French homeowners warned of new ‘eco’ insulation scam
Homeowners in France are being warned of a new scam, which is similar to the infamous “€1 interior insulation” scam, but this time concerns exterior walls and “eco-friendly” insulation renovations.
The scam, which has been spreading since the end of 2019, especially in Brittany and Grand Est, involves low-income homeowners being offered eco-friendly home renovations on their outside walls for just €1, with the cost apparently subsidised by a government scheme.
Unfortunately, scammers or less-than-scrupulous builders have been found to offer the work, but then leave the homeowner with a poorly-completed, or incomplete and unacceptable job, which will then require further, extensive repairs.
For exterior insulation work, this can run into costs of anywhere between €15,000- €18,000. In some cases, homeowners have reported being left with grey, poorly-attached polystyrene blocks covering their walls, which needs tearing down and redoing.
Christian Smoliga, from facade building company FCA Eaubonne, said that he has seen a rise in such scams, especially in his local area of the Oise (Hauts-de-France) and Val d'Oise (Ile-de-France).
He told news source Les Echos: “It is impossible to coat poorly laid polystyrene, it would crack. You have to sand it down to redo the whole thing. It costs more than a normal project, and the household will not have any help to pay for it because you can't get [the government aid] twice.”
Often, it is lower-income homeowners who are targeted - and most-tempted - by the scheme, who are then left with a repair bill they cannot afford.
Benoit Dulac, an insulator at Eco-Isolateurs in Evreux (Normandy), said: “Owners find themselves with a disfigured house, with insulation blocks that break down and fall off. A real nightmare.”
Scam spreading across France
The scam has been reported - and can be seen - more and more in the north of France, including in Ile-de-France, Brittany, Pas-de-Calais, Nord, and Grand Est.
Sabine Basili, at the artisan construction group La Confédération des Artisans du Bâtiment (Capeb), said: “The phenomenon is national, and is only just beginning. It is too soon to quantify.”
Another “eco” scam involves builders offering homeowners a “quote” for eco-friendly renovations. They prepare the file, do substandard work, collect the government subsidy, and disappear.
Mr Smoliga explained: “The scammer does a quote for €150 per metre square to collect the most money, then lays a coat of plaster (to mask the fact that the work isn’t there) which will break within a year. That will cost them €20 per metre square, compared to €120-€130 for a proper, low-end project.”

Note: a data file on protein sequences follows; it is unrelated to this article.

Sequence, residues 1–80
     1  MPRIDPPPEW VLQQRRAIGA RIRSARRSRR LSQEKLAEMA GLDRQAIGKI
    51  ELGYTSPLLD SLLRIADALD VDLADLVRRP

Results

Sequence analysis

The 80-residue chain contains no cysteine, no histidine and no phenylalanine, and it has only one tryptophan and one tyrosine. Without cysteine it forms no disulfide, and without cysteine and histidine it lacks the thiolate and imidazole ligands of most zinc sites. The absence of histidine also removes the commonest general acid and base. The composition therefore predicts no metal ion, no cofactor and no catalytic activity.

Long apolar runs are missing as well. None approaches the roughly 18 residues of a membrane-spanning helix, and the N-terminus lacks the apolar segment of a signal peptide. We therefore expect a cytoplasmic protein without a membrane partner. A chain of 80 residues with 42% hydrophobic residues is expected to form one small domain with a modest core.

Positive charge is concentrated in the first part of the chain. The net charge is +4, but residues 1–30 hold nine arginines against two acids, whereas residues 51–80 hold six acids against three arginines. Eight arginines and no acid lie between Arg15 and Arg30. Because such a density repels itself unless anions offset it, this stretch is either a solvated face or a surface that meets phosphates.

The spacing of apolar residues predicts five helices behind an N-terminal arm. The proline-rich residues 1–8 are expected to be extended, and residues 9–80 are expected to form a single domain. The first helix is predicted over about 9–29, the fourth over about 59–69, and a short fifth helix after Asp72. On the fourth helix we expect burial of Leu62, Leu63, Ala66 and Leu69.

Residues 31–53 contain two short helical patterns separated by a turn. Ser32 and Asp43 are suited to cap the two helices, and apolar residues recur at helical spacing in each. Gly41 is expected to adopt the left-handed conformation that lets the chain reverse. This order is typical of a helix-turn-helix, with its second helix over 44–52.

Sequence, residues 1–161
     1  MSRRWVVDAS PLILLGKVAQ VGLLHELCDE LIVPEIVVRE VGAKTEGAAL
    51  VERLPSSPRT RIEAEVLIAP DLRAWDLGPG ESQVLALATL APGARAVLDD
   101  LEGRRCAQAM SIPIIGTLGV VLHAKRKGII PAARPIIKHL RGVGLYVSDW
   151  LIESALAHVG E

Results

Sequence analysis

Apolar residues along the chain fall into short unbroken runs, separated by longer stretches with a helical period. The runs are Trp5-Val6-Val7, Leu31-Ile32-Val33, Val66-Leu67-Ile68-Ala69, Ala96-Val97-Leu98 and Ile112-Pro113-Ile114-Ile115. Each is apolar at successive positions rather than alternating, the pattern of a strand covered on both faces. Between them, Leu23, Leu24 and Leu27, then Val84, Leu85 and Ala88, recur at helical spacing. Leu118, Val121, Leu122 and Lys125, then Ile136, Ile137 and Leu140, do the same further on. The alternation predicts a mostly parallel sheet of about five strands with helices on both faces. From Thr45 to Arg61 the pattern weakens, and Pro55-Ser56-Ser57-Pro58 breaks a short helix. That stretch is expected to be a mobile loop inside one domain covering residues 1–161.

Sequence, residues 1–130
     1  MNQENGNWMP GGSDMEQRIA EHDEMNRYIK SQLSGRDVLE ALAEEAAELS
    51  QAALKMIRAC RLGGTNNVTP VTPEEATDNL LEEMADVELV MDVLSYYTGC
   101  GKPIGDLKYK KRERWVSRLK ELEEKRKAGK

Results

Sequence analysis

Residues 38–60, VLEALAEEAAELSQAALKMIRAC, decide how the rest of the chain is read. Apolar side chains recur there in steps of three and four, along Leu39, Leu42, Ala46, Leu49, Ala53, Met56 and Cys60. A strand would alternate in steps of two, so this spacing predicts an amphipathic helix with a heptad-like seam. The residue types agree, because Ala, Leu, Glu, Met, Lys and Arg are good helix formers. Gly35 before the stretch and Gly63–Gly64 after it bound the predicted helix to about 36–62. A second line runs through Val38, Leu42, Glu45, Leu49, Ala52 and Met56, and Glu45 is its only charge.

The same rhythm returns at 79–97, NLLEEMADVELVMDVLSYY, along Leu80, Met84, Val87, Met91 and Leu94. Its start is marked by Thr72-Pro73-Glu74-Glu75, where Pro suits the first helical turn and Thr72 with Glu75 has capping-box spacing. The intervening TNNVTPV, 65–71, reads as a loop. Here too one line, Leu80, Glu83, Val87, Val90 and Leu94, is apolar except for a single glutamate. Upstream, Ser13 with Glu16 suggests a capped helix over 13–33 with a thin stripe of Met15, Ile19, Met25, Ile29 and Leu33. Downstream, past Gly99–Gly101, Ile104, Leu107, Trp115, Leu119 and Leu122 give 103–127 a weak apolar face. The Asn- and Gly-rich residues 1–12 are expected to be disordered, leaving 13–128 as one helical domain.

Scammers can sometimes be identified due to their aggressive tactics, which usually include pressurising the homeowner to let them begin work ASAP - sometimes as soon as the next morning.
It is important for homeowners to remember that “€1 eco-friendly insulation work” does not actually exist. While government grants to make your house more efficient are generous, they still usually require a 10-25% charge paid by the homeowner, depending on your income.
This is designed to avoid the exact kind of scam seen with €1 interior insulation fraud, which saw many households accept offers of work that would be done poorly or never completed.
Fabien Carpentier, at insulation company Enduiest in Pulnoy (Meurthe-et-Moselle, Grand Est) said: “It seems that fraudulent scams are increasing, because 10% of the hundred or so calls we receive a week are now enquiries about this.”
He added that he had seen letters offering the work being dropped into locals’ letterboxes, which mention a phone number, but show no company name.
Most of the “companies” involved in the scams appear to be French, and they often do carry the RGE label of “quality”. However, to achieve the latter label, the company boss only has to do a training course of a few days, after which the entire team is given the label.
Professionals argue that there should be more certification required for workers, to ensure that companies are reputable and that certain companies - especially those that have not proven they are up to standard - should not be allowed to be funded by government grants.
Insulation work should be subject to inspections before the money is granted, builders have also said.
Mr Dulac, from Evreux, said: “Given the amount, there should be checks in place for every project.”
Another solution could be to take inspiration from Germany, which requires all projects to be inspected by a State-approved technical expert before the aid is given.
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